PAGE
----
What Is ARD In Criminal Law?

The Accelerated Rehabilitative Program, otherwise known as ARD, is a program offered in criminal court to first time offenders. The goal of the program is to successfully rehabilitate the offender to prevent them from entering the criminal system again. If ARD is completed successfully, the record of the offender is expunged. This is extremely beneficial to people to be able to obtain employment for the future. While ARD is very similar to probation, it differs in that the offender never pleads guilty. ARD is not an admission of guilt. In fact, if ARD is not completed successfully, the District Attorney can petition the court to have the offender removed from the ARD program. At that point the case proceeds through the court system.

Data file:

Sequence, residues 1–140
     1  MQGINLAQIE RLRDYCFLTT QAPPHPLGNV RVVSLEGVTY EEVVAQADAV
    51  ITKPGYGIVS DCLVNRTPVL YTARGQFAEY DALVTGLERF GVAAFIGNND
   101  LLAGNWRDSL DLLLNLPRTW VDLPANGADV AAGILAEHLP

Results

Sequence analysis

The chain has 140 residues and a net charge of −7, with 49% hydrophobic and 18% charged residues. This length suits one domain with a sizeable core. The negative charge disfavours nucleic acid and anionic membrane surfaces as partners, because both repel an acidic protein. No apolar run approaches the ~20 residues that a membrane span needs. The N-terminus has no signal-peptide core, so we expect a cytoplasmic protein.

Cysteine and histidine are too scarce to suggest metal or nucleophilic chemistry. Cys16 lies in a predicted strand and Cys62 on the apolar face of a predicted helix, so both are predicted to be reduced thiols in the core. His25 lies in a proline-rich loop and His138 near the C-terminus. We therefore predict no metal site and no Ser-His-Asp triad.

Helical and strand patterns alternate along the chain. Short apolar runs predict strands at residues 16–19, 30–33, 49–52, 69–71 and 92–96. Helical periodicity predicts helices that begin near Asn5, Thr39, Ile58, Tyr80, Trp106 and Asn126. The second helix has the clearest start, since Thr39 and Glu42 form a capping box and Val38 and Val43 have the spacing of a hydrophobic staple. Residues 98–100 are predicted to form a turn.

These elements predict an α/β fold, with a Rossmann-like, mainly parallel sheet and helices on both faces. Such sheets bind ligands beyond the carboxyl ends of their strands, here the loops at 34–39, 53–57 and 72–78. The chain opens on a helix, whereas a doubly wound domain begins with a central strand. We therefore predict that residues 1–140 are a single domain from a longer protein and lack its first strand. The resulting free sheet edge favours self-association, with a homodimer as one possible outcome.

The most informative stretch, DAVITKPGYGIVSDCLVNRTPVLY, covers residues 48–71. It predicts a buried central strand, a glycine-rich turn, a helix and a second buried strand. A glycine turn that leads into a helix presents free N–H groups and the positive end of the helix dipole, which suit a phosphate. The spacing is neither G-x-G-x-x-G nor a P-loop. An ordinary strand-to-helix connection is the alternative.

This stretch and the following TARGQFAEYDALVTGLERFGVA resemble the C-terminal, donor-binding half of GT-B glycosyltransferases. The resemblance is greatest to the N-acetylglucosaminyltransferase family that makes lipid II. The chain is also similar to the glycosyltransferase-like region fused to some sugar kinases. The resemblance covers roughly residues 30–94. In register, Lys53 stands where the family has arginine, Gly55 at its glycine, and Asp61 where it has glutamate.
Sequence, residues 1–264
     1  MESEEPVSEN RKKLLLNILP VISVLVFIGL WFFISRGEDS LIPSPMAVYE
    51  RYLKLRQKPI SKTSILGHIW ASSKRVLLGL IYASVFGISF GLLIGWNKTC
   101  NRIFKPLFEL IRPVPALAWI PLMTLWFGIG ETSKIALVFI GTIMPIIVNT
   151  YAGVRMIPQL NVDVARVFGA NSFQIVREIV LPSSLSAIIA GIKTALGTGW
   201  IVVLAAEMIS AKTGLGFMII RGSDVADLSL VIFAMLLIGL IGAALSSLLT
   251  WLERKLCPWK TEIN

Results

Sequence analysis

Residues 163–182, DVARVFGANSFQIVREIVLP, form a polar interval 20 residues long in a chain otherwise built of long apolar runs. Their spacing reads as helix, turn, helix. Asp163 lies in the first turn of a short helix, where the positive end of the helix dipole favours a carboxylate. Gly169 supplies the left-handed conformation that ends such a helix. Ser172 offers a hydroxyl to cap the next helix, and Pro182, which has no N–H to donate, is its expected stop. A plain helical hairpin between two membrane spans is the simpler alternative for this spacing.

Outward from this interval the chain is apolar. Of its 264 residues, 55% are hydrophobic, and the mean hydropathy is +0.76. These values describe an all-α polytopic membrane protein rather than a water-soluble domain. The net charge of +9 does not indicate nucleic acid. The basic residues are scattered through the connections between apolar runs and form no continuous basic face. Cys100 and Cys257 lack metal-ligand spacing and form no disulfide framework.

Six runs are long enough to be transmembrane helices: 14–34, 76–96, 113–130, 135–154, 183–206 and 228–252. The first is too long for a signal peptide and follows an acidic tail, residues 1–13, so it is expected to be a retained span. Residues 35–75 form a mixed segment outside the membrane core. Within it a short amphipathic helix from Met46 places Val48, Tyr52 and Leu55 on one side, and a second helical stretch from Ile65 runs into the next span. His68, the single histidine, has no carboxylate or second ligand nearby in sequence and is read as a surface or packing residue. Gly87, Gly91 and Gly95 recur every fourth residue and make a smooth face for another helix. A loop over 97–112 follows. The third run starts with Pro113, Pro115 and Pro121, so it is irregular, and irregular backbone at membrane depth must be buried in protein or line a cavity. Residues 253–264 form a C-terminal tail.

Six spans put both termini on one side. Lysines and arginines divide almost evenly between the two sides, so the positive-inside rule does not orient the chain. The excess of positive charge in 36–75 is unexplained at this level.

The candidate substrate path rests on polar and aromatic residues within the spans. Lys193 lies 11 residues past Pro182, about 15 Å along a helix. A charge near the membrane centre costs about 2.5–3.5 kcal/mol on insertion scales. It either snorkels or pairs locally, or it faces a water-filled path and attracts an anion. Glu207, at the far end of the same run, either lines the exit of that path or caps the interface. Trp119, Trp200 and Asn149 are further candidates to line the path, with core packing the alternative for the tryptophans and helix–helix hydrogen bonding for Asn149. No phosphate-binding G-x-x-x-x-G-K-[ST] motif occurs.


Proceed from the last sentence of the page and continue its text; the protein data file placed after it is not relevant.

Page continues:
Typical cases in which ARD is offered include driving under the influence of alcohol, drug possession, and retail theft. ARD can last between six (6) to twenty-four (24) months depending upon the allegations. Furthermore, it is a program that must be offered by the District Attorney for the offender as it is a program run by the District Attorney's Office. The District Attorney on the case may require community service and/or various treatments. An offender is also required to pay off all fines and costs associated with the case during the ARD term.

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